If the vanity of trying to guide one’s life by preconceived notions is not already clear, it becomes abundantly evident in the course of the novel, which is largely devoted to Consalve’s love for Zayde. She is a young woman whom Consalve finds washed up on the beach after a violent storm. Only Zayde and her woman companion have survived a shipwreck. Although they are dressed in Moorish costumes, the hero, accustomed to Arabic because of his frequent military encounters with the foe, does not recognize their tongue. For months, he tries to converse with Zayde and fails, except by using gestures and paintings. He intuits that Zayde finds in his face the likeness of someone else she has loved. Because Consalve is in love, by now, with this person of whom he knows only the name and the “fact” that she has loved someone else, he is jealous when Zayde looks at him with tenderness. He thinks that she sees him only as the image of her absent lover.
The hero has, of course, proved that his initial assumptions about the relationship of love and knowledge are entirely wrong. His “maxim” of conduct does not correspond to his experience. Knowledge and love are, however, related in Zayde, but it takes many adventures and many more inserted tales before Consalve discovers what the relationship is. At the end of the novel, when he and Zayde meet after a long separation, they are able to speak to each other. She has learned Spanish, and he has discovered that her language is Greek and has learned it. He finds that she recognized in him the face from a portrait that had been identified for her as that of the prince of Fez, to whom she had been promised in marriage. This resemblance explains her emotion on seeing Consalve. The portrait, however, is actually a lost portrait of Consalve.
La Fayette concludes her novel with this trite mechanism for undoing complicated plots, but she uses the lost portrait for a specific reason that is quite original. One aspect of love, one that has afflicted both Consalve and Alphonse, is the attempt to impose on the outside world a conception of the way things are or ought to be. In a sense, both Consalve and Alphonse are seeking in love someone who will mirror themselves. Alphonse is punished by his inability to see that Bélasire is not the mirror of his jealousy. Her actions and his jealousy are unrelated. Consalve’s purgatory is the long quest to discover that it is his own image that stands in the way of his love for Zayde.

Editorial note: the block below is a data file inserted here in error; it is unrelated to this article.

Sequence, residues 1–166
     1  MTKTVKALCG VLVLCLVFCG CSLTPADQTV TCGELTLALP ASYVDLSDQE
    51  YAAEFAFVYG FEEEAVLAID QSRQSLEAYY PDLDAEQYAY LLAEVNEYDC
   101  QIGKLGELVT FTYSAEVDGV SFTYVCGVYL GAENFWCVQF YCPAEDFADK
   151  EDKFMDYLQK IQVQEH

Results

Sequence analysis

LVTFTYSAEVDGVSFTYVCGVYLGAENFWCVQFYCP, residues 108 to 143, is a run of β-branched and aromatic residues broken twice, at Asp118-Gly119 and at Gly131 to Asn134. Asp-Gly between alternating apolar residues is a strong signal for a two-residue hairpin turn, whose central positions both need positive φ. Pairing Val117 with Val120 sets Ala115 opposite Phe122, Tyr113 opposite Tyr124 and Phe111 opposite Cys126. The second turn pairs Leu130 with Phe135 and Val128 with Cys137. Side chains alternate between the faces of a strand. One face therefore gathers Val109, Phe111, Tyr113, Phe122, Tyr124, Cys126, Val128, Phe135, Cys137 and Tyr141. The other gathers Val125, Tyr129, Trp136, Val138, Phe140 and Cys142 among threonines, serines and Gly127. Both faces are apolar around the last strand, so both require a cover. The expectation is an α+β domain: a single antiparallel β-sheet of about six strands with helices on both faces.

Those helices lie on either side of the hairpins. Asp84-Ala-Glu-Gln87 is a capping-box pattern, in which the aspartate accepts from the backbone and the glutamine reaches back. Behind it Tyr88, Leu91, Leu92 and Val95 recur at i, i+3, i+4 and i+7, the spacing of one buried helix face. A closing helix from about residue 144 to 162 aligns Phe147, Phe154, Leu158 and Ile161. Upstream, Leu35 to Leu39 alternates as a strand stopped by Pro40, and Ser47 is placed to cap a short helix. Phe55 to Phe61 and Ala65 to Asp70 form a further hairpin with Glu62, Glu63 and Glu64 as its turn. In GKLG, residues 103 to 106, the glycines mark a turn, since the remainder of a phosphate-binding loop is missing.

The Princess of Clèves
Although The Princess of Clèves is briefer than Zayde and has a less difficult plot, this acknowledged masterpiece addresses problems that are fully as complex as those in Zayde. In her second novel, La Fayette also treats the relationship between general assumptions and individual experience, but she does so by tracing the life of a woman, Mademoiselle de Chartres (the heroine has no first name), who comes to the court as an adolescent with her mother, who wants to arrange a good and prestigious marriage for her daughter. Although the setting of this story gives La Fayette the opportunity to analyze the political intrigues of the French court, a milieu she knew intimately, the principal focus in The Princess of Clèves, as in Zayde, is on the relationship between knowledge and experience. Since Mademoiselle de Chartres arrives at the court with neither opinions about nor acquaintance with its ways, she relies entirely on her mother to form her.
(The entire section is 3095 words.)